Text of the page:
Fix Your Hook Once and For All by Using These Golf Tips
It’s easier to fix a hook than you might think. The key to correcting this problem is successfully identifying what’s causing you to hit your ball wide left. Several things can be responsible for a nasty hook, but here are four useful tips to try if you want to fix your hook permanently.
Fix Your Hook Tip No. 1:
A hook is caused by your ball spinning counter-clockwise while it’s in the air. The faster the spin, the more severely your ball will hook to the left. Counter-clockwise spin is imparted to the ball when you strike it with a closed club face. For right-handed golfers, this means your club face is pointing left; for left-handed golfers the club face is pointing to the right. The proper club face position at impact is square and neutral; that is, pointing straight at the target rather than left or right.
Fix Your Hook Tip No. 2:
Most swing experts believe the best place to start when you want to fix a hook is with the way you grip the club. You can easily check your grip by grabbing your driver and taking your normal stance and setup. Now, take a look at your hands. You should see two knuckles showing on your left hand if you’re right-handed. If you do, your grip is neutral, meaning it’s neither too weak nor too strong. If you see fewer than two or three or more knuckles, you’re gripping the club incorrectly, either too weakly or too strongly.
As you can see, it’s easy to tell if you’re beginning with the correct type of grip. It gets trickier when you’re evaluating the angle of your club face. Look down the shaft and look at the club face. It’s probably square, as it should be. However, even if your club face is square at address, if your grip is too strong it might not stay that way during your downswing and at the point of impact. As your club moves down toward the ball, your hands will tend to shift to a more neutral grip, which will force the club face to close when it reaches the impact zone. The result of this closing club face is a hook.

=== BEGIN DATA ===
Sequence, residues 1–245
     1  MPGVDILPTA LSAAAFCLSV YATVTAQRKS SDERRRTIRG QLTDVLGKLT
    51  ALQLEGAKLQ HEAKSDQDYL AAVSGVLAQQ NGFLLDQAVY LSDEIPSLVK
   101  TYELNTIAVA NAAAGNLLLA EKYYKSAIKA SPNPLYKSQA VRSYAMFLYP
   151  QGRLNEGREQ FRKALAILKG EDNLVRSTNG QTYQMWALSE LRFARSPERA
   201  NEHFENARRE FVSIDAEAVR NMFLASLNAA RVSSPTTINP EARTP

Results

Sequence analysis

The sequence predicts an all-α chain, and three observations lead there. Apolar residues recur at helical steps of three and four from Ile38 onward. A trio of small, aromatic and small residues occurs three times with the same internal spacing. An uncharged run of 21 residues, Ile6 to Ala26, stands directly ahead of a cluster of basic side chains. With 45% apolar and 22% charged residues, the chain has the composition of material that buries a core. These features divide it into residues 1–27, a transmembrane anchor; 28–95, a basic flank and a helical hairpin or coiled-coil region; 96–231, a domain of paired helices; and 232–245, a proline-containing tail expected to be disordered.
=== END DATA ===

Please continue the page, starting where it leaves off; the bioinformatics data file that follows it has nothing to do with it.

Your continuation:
When you want to fix a hook permanently, you’ll need to honestly evaluate your grip. Many golfers either refuse to change their grip or won’t put in the practice they need to if they do. Eventually these golfers return to their bad old grip habits.
Fix Your Hook Tip No. 3:
Assuming your grip is neutral, check your balance. Don’t place your weight on your heels; instead, put it on the balls of your feet. This weight distribution will permit a smooth hip turn and allow you to remain balanced throughout your entire swing. Hooks are common with golfers who are off balance at impact.
Fix Your Hook Tip No. 4:
If you’re a right-handed golfer your left arm must be straight while your club strikes the ball. A friend or playing partner can watch you hit a few times and let you know if you’re bending your left arm in the impact zone. Once again, anything that results in a closed club face at impact will cause a hook.
One or more of these four tips will probably fix your hook. Try them one at a time, hitting several balls while you incorporate the principles mentioned in each tip. Some minor adjustments might be necessary to hit the ball straight. Learning how to fix a hook permanently is basically a process of elimination, so be patient – it will probably take some time and practice.
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